On Thursday, May 7, 2009 the St. Cloud Times reported that Dr. Maureen Reed, 2006 Independence Party candidate for lieutenant governor, filed federal documents allowing her to raise money to run on the Democratic ticket in 2010 for the 6th Congressional District seat held by U.S. Rep. Michele Bachmann (“Reed to challenge Bachmann for House seat,” May 7, 2009).
In the report, the Times quoted Reed as saying, “People say this race can be won and will be won with a tight, concerted effort by both parties [the IP and the DFL] to back a moderate candidate,” she said. “I think I’m the perfect candidate for the district.”
(More later on my strategy to defeat Bachmann.)
Following Reed’s announcement, “Elwyn Tinklenberg, last year’s  DFL- and Independence Party-endorsed candidate, said he would seek a rematch with Bachmann in 2010 as well,” according to the Times report.
Last November, Bachmann won re-election with a plurality of 46.3 percent of the vote in a congressional district that gave Republican contender John McCain, with 53 percent, the largest vote percentage over Barack Obama of any of Minnesota’s eight congressional districts and putting it strongly in the Republican column in the Cook Political Report.
The Times report concludes by noting that “Aubrey Immelman, a College of St. Benedict/St. John’s University psychology professor who challenged Bachmann in the Republican primary and later as a write-in candidate, said late last month that he hasn’t decided whether to take on Bachmann again.”
I told Gannett Washington Bureau political reporter Larry Bivens on April 23 that Bachmann is vulnerable, but not to a Democrat.
“I think Rep. Bachmann can be defeated,” Immelman said, “but only in a Republican primary.”
On Thursday, May 7, Doug Grow reported in the MinnPost (“Update: The line forms in the middle for candidates eager to take on Michele Bachmann”) that “Reed’s approach will be little different from Tinklenberg’s. She will offer herself as the candidate in the middle, a self-described ‘Blue Dog Democrat.’ ”
Grow then outlined some unique challenges for any Democrat facing off against Bachmann, including the fact that Bachmann’s “wildly controversial statements … don’t seem to hurt her,” instead turning her into “a money-raising machine”; and the fact that “Bachmann never has lost the devotion of her base, the social conservatives from fundamentalist churches.”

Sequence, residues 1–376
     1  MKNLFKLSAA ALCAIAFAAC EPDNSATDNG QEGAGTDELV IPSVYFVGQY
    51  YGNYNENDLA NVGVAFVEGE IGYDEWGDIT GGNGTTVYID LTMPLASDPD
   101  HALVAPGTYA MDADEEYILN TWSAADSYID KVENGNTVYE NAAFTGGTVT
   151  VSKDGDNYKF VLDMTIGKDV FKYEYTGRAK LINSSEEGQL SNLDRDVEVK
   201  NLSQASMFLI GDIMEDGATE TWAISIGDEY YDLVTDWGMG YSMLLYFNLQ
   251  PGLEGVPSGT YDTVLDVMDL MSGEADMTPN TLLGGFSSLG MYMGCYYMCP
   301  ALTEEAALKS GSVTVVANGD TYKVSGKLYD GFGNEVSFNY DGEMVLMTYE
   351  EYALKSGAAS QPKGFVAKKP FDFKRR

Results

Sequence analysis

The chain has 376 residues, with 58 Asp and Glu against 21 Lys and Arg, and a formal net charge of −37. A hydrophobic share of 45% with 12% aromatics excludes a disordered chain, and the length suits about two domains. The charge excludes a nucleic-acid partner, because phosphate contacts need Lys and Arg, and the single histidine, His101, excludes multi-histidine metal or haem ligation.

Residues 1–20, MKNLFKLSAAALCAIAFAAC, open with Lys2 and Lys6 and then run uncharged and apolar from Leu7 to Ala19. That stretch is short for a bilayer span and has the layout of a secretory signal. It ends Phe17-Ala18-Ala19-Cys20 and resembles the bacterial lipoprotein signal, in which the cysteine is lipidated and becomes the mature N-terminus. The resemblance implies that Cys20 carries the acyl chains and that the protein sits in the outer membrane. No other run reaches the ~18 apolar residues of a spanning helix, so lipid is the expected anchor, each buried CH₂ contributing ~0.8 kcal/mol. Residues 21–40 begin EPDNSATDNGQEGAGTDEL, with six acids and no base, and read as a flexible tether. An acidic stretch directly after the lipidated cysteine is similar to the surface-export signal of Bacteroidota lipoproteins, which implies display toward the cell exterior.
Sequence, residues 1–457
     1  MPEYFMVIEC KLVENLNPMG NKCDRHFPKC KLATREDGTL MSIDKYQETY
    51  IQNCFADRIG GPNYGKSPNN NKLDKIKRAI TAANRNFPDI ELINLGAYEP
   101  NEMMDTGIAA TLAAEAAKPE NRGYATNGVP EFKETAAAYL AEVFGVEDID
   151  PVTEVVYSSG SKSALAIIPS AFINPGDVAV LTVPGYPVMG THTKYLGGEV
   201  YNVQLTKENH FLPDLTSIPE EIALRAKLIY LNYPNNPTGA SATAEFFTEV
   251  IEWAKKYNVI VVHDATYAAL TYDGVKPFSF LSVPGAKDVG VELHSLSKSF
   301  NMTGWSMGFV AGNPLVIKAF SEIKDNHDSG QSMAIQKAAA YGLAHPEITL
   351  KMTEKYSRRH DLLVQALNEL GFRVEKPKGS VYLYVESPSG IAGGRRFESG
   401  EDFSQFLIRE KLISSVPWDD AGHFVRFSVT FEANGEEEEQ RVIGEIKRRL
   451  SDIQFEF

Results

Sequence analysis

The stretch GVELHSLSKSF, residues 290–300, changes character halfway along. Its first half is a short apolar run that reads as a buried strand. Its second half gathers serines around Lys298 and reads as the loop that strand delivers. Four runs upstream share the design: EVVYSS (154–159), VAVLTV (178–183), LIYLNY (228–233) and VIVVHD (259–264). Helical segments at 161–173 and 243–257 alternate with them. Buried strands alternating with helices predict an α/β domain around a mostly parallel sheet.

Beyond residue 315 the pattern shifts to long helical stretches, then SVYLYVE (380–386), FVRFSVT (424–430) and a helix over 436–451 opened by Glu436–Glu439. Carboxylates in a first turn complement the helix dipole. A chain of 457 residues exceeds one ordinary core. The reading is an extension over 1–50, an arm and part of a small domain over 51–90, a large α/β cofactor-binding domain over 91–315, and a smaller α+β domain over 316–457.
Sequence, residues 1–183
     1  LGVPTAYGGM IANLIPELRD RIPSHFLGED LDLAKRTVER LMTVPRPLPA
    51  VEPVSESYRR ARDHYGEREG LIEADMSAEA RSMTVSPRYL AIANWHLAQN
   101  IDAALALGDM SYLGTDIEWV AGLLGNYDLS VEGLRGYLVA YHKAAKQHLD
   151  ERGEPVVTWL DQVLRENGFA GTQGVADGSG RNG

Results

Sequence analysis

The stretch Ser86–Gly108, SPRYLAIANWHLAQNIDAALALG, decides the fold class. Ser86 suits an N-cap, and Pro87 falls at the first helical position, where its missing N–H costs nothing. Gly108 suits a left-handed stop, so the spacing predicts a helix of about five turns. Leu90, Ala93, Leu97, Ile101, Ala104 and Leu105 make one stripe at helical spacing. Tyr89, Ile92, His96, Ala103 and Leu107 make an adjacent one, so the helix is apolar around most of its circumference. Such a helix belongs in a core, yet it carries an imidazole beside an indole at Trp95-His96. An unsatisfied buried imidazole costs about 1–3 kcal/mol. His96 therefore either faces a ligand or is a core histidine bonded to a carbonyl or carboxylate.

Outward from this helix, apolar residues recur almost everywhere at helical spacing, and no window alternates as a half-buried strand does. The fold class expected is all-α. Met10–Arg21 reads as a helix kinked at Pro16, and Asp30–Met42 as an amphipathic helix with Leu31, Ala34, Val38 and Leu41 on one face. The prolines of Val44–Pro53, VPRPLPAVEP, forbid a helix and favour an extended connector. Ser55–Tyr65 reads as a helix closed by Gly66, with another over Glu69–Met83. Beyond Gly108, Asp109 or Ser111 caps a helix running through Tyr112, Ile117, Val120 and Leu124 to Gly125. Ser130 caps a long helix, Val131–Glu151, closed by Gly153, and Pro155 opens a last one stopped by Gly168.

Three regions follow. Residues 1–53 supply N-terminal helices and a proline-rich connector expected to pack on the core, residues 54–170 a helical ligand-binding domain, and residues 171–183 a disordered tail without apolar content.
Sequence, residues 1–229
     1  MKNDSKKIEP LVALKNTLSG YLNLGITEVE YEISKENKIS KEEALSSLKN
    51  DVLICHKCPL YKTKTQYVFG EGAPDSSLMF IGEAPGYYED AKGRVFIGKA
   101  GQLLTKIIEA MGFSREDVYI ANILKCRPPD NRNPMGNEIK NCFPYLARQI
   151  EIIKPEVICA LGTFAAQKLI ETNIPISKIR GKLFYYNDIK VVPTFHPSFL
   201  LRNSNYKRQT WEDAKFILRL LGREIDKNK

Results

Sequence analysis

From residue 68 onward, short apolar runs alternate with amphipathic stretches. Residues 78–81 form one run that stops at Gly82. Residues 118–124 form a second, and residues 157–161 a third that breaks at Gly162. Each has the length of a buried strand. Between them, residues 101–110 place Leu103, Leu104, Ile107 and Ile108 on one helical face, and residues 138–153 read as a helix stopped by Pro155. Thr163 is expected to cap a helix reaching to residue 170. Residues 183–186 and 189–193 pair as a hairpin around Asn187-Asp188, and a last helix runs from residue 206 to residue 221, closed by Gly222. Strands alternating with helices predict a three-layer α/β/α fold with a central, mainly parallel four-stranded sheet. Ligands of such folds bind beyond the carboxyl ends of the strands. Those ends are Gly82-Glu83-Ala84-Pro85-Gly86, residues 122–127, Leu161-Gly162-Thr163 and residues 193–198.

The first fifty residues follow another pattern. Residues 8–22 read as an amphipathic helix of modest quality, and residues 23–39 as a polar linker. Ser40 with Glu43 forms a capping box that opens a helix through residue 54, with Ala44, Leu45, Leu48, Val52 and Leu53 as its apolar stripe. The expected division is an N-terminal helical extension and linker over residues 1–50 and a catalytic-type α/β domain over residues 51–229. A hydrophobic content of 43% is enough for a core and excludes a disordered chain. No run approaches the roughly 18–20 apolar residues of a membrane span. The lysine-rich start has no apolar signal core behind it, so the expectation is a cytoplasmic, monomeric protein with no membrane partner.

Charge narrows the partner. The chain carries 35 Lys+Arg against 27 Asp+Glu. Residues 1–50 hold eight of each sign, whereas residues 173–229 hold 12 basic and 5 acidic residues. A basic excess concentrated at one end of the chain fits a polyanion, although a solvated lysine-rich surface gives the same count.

My point of view
My rationale for challenging Bachmann in the 2008 Republican primary was to probe the numerical strength of Bachmann’s core constituency — true believers willing to turn out at the polls to protect Bachmann from a challenge by a non-base Republican.
The answer: fewer than 20,000 of the more than 430,000 registered voters in Minnesota’s 6th Congressional District.
In my opinion, the correct strategy to defeat Bachmann flows logically from that determination: mobilize 20,000 voters from across the political spectrum, including moderate, non-base Republicans; independents; and Democrats to prevent Bachmann from getting out of the gate in Minnesota’s 2010 open primary.
If Bachmann makes it through the primary and onto the November general election ballot, she’ll draw support from a much broader constituency: the Republican and Republican-leaning 6th District majority that simply will not vote for a Democrat.
If Bachmann makes it through the gate, her constituency jumps tenfold from fewer than 20,000 hardcore primary supporters to nearly 200,000 – the majority of which is soft support, but nonetheless an insurmountable obstacle for Democrats, who make up less than 40 percent of Sixth District voters.
If Bachmann advances beyond the 2010 Republican primary, she is virtually assured of being returned to Congress for two more years in the November 2010 general election.
MinnPost quotes Maureen Reed as saying, “I want to concentrate on the things that matter most to people day in and day out … the economy, health care, jobs.”
When the widely respected Patty Wetterling — who enjoys near-universal name recognition in Minnesota – campaigned on exactly those Democratic issues against a non-incumbent Bachmann in 2006, it garnered her 42 percent of the vote.
For those who want to see Bachmann disappear from the political landscape, it’s important to understand that the issues championed by Democratic candidates will not receive a rational hearing in Minnesota’s 6th District as long as the debate is framed by Bachmann and her fundamentalist base.
As long as Bachmann is the incumbent Republican candidate, 6th District politics will be framed by identity politics, social conservatism, and the culture wars.
To use a medical metaphor (a nod to Dr. Reed), Bachmann must be surgically removed by invasive, radical intervention before we can even begin to consider the treatment regimen implicit in the policy options proposed by Democratic candidates.
I offer such a plan to defeat Michele Bachmann in 2010.
As long as Bachmann is on the Republican ticket, the political fortunes of the 6th District will be governed by human irrationality, not the give-and-take of reasoned political discourse.
Yes, we can sit down and have a rational, meaningful discussion about what’s best for Minnesota’s 6th District, but only when Bachmann is removed from her seat at the table.
Related reports on this site
Bachmann’s Seat Safe (May 17, 2010)
Building a Non-Partisan Coalition (Aug. 5, 2009)
Can a Democrat Beat Bachmann? (July 27, 2009)
As shown in the table below, the September 2008 Minnesota state primary election result predicted the outcome of the November general election to within one percentage point. The only significant shift in numbers is that without Immelman on the ballot in the general election, his share of the vote went to third-party candidate Anderson.
Bob Anderson 2.0% 10.0%
El Tinklenberg 43.1% 43.4%
Election 2012 update
You must be logged in to post a comment.